Renewed Paramilitary Belligerence
Originally published in Spanish by La Jornada
Translated by irlandesa
Hermann Bellinghausen, correspondent.
San Cristo'bal de Las Casas, Chiapas.
November 4, 2000
The paramilitary waters are stirring dangerously in the state, just a few weeks prior to the government change that will turn the PRI into an opposition minority. In Chenalho', Yajalo'n, Tila, Venustiano Carranza and Ocosingo the messages speak for themselves. The surprising, and perhaps "agreed upon," apprehension of a group of Peace and Justice leaders - who had apparently fallen into disgrace - has heated things up in the Northern region and in Los Altos. There is renewed belligerence on the part of different armed groups with ties to the official party.
Fears have increased this weekend of a possible police operation in the municipality of Chenalho' and eventually in the Autonomous Municipality of Polho'. Las Abejas organization, as well as the autonomias, have been reporting a threatening and vengeful attitude on the part of paramilitaries, who are invoking the apprehension of some Peace and Justice leaders as a justification for "revenge."
At the same time, and in a more direct manner, the displaced from Tierra y Libertad, in Yajalo'n, have been receiving threats from Peace and Justice. The apprehension of Samuel Sa'nchez, Marcos Albino Torres and other leaders of that group, which is tied to armed counterinsurgency, was based on the violent dislocation they backed earlier this year.
In the municipalities of Tila, Tumbala', Sabanilla and Salto de Agua, EZLN support bases and the A'buxu' organization (Arriera Nocturna) are living in terror because of threats from Peace and Justice. A few days after Governor-elect Pablo Salazar Mendiguchi'a made a trip to the Northern region, the indigenous in resistance do not dare to travel the roads. The current leadership of the PRI organization has distanced itself from those arrested and their followers, who were expelled from Peace and Justice last year, precisely because of their violent activities.
Even outside the conflict zone, the paramilitary organization San Bartolome' de los Llanos Alliance has unleashed an offensive against the Casa del Pueblo and the OCEZ. According to Frederico Sa'nchez Go'mez, spokesperson for the OCEZ, paramilitaries tied to the Orantes (traditional caciques of the area) participated, along with the state police, in operations of intimidation against OCEZ communities.
Human rights defense organization in indigenous lands have been celebrating the actions being taken against paramilitaries in the Northern region as a good sign. At the same time, however, they fear - as lawyer Miguel Angel de los Santos said - that Roberto Albores Guille'n's government is plotting a last-minute amnesty that will allow the paramilitaries who are currently charged to go free or unpunished.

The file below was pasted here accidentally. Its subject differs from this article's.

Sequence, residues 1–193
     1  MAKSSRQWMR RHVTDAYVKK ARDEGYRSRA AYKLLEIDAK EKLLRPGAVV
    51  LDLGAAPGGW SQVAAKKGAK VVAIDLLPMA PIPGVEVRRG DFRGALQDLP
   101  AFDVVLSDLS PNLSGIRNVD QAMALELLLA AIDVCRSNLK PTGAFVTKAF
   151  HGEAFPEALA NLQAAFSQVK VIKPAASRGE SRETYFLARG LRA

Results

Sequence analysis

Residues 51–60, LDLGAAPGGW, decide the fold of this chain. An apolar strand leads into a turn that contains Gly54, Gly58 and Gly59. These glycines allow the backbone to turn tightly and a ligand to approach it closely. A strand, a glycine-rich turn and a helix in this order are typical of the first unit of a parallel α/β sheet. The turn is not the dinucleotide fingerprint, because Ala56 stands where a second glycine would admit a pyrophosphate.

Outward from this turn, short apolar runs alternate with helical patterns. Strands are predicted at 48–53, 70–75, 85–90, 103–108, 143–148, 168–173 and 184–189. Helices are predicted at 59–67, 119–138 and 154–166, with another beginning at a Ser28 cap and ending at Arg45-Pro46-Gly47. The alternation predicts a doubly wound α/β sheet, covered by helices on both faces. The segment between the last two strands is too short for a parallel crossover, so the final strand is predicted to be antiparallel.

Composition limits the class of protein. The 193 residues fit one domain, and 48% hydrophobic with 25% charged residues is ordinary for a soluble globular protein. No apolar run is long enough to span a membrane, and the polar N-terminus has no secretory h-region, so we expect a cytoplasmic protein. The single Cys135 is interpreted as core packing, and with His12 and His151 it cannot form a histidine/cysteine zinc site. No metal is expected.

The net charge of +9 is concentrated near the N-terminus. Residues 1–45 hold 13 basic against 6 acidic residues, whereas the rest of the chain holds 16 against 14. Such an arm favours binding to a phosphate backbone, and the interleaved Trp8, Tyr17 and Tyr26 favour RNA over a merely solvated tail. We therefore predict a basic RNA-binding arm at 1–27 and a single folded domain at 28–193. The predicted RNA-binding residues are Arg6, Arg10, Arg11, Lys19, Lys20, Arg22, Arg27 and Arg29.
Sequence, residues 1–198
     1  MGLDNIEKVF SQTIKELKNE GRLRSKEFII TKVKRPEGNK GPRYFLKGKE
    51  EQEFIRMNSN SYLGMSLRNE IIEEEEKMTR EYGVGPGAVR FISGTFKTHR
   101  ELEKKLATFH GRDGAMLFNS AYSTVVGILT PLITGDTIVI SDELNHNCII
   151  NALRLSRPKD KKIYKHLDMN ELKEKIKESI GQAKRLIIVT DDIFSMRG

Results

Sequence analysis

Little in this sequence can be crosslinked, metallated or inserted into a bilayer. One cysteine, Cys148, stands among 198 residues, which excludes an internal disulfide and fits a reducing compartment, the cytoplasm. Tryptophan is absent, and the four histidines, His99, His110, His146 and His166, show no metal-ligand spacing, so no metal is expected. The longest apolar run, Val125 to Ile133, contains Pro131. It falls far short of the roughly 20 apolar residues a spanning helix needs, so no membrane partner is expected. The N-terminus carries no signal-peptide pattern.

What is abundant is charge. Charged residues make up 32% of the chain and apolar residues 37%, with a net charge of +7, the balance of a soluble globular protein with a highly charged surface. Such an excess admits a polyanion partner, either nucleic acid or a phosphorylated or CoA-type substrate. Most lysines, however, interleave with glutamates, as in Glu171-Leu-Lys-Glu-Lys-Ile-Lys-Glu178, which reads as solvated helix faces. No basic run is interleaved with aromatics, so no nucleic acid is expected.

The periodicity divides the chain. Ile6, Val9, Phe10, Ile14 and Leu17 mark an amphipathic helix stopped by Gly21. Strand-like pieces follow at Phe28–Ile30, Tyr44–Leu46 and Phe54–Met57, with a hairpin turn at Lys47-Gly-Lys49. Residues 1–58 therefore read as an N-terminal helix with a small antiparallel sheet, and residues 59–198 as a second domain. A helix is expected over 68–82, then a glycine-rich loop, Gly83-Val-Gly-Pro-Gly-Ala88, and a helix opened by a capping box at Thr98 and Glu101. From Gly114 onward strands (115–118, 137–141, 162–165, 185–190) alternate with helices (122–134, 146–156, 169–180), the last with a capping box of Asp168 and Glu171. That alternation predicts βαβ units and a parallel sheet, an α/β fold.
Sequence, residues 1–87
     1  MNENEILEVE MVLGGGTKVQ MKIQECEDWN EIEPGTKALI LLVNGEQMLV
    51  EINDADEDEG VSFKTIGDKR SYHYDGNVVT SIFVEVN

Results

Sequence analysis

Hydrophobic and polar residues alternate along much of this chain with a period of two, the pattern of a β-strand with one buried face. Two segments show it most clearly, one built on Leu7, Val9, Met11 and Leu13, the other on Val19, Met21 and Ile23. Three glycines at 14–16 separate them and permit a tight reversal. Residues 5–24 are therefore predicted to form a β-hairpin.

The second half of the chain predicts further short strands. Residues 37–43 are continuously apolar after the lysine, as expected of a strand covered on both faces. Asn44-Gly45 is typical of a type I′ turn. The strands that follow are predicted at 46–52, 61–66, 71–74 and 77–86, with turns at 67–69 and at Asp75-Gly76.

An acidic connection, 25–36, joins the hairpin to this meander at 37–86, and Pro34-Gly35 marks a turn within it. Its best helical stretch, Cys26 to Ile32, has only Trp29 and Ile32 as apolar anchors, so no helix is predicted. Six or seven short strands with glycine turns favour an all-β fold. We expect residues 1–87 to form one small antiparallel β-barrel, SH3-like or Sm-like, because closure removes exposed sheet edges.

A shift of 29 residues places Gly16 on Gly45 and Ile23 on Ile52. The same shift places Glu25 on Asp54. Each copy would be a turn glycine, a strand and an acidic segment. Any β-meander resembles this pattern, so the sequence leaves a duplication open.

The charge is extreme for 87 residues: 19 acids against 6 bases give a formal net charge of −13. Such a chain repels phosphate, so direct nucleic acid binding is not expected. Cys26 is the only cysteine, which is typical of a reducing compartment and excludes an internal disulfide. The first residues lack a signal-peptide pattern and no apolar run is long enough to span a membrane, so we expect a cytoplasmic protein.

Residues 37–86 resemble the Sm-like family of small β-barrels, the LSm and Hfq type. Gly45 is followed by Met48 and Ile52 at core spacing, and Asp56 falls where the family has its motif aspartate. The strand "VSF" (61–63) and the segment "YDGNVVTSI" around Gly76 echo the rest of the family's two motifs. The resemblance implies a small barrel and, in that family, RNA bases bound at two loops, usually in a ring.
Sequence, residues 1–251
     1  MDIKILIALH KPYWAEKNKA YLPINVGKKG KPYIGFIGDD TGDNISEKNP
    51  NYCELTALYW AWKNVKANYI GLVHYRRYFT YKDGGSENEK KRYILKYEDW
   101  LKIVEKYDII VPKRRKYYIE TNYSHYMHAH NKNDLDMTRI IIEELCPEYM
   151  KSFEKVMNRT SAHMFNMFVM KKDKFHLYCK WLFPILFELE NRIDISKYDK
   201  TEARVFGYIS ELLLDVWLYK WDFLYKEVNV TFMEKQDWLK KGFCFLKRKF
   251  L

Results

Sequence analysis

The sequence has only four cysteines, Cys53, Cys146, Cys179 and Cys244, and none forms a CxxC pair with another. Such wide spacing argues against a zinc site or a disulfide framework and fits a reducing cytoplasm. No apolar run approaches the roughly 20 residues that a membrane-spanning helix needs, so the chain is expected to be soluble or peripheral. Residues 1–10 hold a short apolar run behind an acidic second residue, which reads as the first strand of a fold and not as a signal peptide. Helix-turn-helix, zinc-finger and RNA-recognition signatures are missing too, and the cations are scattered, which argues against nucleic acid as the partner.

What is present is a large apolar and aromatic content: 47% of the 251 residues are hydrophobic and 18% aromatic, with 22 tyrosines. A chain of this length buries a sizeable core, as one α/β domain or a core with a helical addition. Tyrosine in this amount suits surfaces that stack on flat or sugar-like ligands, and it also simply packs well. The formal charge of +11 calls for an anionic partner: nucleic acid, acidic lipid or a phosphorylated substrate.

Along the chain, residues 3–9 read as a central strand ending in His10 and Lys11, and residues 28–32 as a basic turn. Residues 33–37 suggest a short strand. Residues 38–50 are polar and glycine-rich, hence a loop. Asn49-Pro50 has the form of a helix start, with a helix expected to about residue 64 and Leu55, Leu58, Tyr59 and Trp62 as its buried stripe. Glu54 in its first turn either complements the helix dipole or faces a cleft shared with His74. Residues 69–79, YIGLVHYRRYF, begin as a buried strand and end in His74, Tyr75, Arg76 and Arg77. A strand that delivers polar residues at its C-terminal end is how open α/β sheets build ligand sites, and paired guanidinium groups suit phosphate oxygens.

And, whether these arrests are an indication that justice will be done and the armed groups will be dismantled, or whether it is merely a maneuver to avoid real punishment, the PGJE and the PGR could enforce dozens of arrest warrants in existence against the autonomias of Chenalho' and members of the Casa del Pueblo, in Venustiano Carranza. What might appear to be a Solomon-like decision would simply cancel out the apparent advances in matters of justice. This would greatly exacerbate the political climate in Chiapas at the moment of the change in government, which various PRI groups have said they were willing to sabotage.
Meanwhile, 10 members of Los Chinchulines who are presently in jail declared a hunger strike yesterday, demanding their release. They, as well as those paramilitaries imprisoned for the Acteal massacre, could be the beneficiaries of an eventual amnesty. Meanwhile, those Las Abejas displaced who are trying to return to their communities - and who left their camp at X'oyep in order to move a little closer to their communities - have not received sufficient guarantees. Paramilitaries from the lowlands, Los Chorros especially, are continuing their threat to not allow the displaced to return.
Nurses from the IMSS-Solidarity clinic in Guadalupe Tepeyac denied, on October 28, that the rooms built on communal lands behind the hospital were being used as brothels, as representatives from the San Pedro de Michoaca'n Autonomous Municipality had denounced to representatives of La Jornada. Without denying the fact that land belonging to the communities (Guadalupe Tepeyac, El Carmen and La Esperanza) were being occupied without authorization, the nurses declared that the cabins were built for residential purposes, because of the increase in the hospital's work staff.
The nurses told 'La Foja Coleta' that the houses were not being used "to go with the soldiers." They added: "We had to build two log rooms for newly arrived people to take breaks."
They said that the number of employees in the hospital has increased the last few months, as well as those users going to the abandoned town in order to receive medical attention. Health workers called on the media to "clarify this situation, which damages their image as women and as professional persons."